GASHRY, Francis (1702-1762), of Hollybush House, Parson's Green, London.

Published in The History of Parliament: the House of Commons 1715-1754, ed. R. Sedgwick, 1970
Available from Boydell and Brewer



30 Mar. - 27 Apr. 1741
1741 - 19 May 1762

Family and Education

b. 14 Nov. 1702, s. of Francis Gascherie, perfumer, of Lamb’s St., Stepney by his w. Susanna, both natives of La Rochelle.1 m. bef. 1747, Martha, sis. of Burrinton Goldsworthy (consul at Leghorn, and subsequently at Cadiz), aunt of Philip Goldsworthy, M.P., wid. of Charles Bolton, nephew of Adm. Charles Wager,2 s.p.  suc. through his w. to manor of Rotherhithe, and to Kilmenath, nr. Looe, on death of Wager’s wid. 1748.

Offices Held

Inspector of the captains’ journals, sec. to Sir Charles Wager (first ld. of Admiralty 1732-42) and commr. for sick and hurt seamen 1737; asst. sec. to Admiralty 1738; commr. of the navy 1741-7; comptroller of victualling accounts 1744-7; director, South Sea Co. 1749-d.; treasurer and paymaster of the Ordnance 1751-d.


Gashry’s father was naturalized in 1709 as ‘Gascherye’;3 in the books of the Sun Fire Office in 1710 the name is anglicized into ‘Gashery’.

Admiral Wager in his will refers to Gashry as ‘my very good friend’, and Gashry describes Wager as his ‘Great Patron’ on the monument which he raised to Wager in Westminster Abbey: it was under Wager’s wing that he started his official and parliamentary career. Wager made him successor to George Purvis, both as Member for Aldeburgh and as a commissioner of the navy; and from Wager’s letter to the mayor of East Looe4 it appears that there too, Gashry was Wager’s candidate, on the interest of Edward Trelawny. In 1742 he appeared before the secret committee appointed to inquire into Walpole’s Administration to give evidence regarding the payment of secret service money during Wager’s election for Westminster in 1741.5 In 1747 he resigned his office which, under the Place Act of 1742, was about to become incompatible with a seat in the Commons. On Trelawny’s departure for Jamaica as governor, Gashry became the intermediary between the Government and the Trelawny family, and also personal agent for the governor.6 Egmont wrote about the Looes in his electoral survey c.1749-50: ‘Gashry has the management of these boroughs in Trelawny’s absence’. The connexion, at first a business one, turned in time into a personal one, as Trelawny wrote to Gashry, 19 July 1753:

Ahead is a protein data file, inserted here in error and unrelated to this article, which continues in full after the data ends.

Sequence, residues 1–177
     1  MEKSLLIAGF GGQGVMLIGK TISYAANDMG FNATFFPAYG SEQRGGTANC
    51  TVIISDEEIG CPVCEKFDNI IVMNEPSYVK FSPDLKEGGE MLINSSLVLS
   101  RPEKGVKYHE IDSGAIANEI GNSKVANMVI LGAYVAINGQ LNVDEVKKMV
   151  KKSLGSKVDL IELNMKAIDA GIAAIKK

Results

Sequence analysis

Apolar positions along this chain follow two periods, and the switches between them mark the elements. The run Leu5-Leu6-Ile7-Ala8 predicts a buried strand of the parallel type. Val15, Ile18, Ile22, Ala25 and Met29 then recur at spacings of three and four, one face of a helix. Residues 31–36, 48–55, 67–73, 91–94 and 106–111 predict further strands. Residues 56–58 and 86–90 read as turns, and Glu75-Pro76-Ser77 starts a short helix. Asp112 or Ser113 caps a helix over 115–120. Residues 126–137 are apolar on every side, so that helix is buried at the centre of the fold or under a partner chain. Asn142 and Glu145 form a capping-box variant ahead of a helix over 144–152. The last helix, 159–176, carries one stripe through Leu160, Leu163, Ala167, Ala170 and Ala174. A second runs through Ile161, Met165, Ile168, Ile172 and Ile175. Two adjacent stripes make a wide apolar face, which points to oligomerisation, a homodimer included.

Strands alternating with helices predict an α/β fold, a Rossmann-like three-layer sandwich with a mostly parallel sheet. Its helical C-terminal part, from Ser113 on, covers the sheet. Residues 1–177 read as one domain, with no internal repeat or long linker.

I look upon it as a thing fixed your being for one of the Looes. I must be so frank as to say that at first, when you were chosen, I was not for your being so but as one recommended by the ministry, so as they should be obliged to us for your being chosen, not reckon you as coming in by your own interest or at the desire of our family; but since I have entered into friendship with you, and you have given yourself a great deal of trouble in my affairs, and, as I apprehend, been of great service in them, the case is altered. As the matter now stands, I think neither Mr. Pelham nor myself can be against you, so that we may take you between us, both joining to recommend you, he to me, I to him, and both to the corporation.7

He continued to represent East Looe until his death, 19 May 1762.

Ref Volumes: 1715-1754

Author: Eveline Cruickshanks


Ex inf. F. E. Hansford, chairman, executive committee, Fulham Hist. Soc.

  • 1. Reg. of La Patente, Spitalfields, 1689-1785 (Huguenot Soc. London, xi), 35.
  • 2. VCH Surr. iv. 88-89.
  • 3. Denizations and Naturalizations, 1701-1800 (Huguenot Soc. London, xxvii), 84.
  • 4. 25 Mar. 1741, East Looe Town Trust.
  • 5. CJ, xxiv. 331.
  • 6. Gashry to Trelawny, 25 July 1749 and 19 Mar. 1753, Add. 19038, ff. 44-45 and 48-49; also Gashry to Trelawny's successor, Governor Knowles, 26 July 1753, ibid. ff. 50-51.
  • 7. Vernon-Wager mss in Library of Congress.